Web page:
L2TP is often used with the IPsec protocol to secure the communications between two sites. L2TP/IPsec provides data confidentiality, data integrity, and endpoint authentication. In L2TP/IPsec, data integrity is ensured through message digest algorithms and data confidentiality is ensured through encryption algorithms. L2Tp/Ipsec uses IPSec’s Internet Key Exchange (IKE) for key management and negotiation which provides Diffie-Hellman key exchange for generating shared secret keys for use with the ESP transform set. L2Tp/IPsec uses UDP port 500 for both control and data traffic making NAT traversal more difficult but not impossible if properly configured.

L2Tp/IPsec is considered more secure than PPTP but it requires that the server have a public IP address and use a digital certificate from a trusted Certificate Authority.

Secure Socket Tunneling Protocol (SSTP)

SSTP is a proprietary VPN protocol created by Microsoft. It supports both Windows and Linux platforms and works with any type of internet connection, including public Wi-Fi hotspots. When your data is encrypted using SSTP, it’s sent through an SSL/TLS tunnel. This provides a higher level of security than most other VPN protocols and makes it more resistant to blocking by government agencies or internet service providers (ISPs).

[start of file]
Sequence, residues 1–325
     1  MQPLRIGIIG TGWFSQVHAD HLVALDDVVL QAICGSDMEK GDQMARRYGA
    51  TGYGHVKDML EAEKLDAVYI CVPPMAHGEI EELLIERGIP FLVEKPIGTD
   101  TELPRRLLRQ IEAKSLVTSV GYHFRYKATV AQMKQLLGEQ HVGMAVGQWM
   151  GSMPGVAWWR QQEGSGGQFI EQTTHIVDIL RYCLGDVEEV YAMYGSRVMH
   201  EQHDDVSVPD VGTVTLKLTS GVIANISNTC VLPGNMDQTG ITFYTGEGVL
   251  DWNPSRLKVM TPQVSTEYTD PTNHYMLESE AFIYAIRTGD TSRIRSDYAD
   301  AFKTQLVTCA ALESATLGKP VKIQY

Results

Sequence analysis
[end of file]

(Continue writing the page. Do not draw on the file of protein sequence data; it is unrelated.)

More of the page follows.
One downside of SSTP is that it can only be used with Microsoft products. If you need to use other types of software or devices, you’ll need to choose a different protocol. Another potential disadvantage is that because it’s a proprietary protocol, there’s less transparency around how it works and how secure it really is.


OpenVPN is an open-source software application that implements virtual private network (VPN) techniques for creating secure point-to-point or site-to-site connections in routed or bridged configurations and remote access facilities. It uses a custom security protocol[9] that utilizes SSL/TLS for key exchange. It is capable of traversing network address translators (NATs) and firewalls. It was written by James Yonan and is published under the GNU General Public License (GPL).

OpenVPN allows peers to authenticate each other using pre-shared secret keys, certificates or username/password. When used in a multiclient-server configuration, it allows the server to release an authentication certificate for every client, using signatures and Certificate Authority certificate verification. It uses the OpenSSL encryption library extensively, as well as the SSLv3/TLSv1 protocols.


It is clear that there are benefits to using a VPN protocol that supports web-based applications. By encrypting data and creating a secure tunnel between the user and the VPN server, web-based applications can be used with confidence. In addition, utilizing a protocol that offers fast speeds and low latency is important for a good user experience. For these reasons, it is recommended that users select a VPN protocol that supports web-based applications such as PPTP or L2TP/IPsec.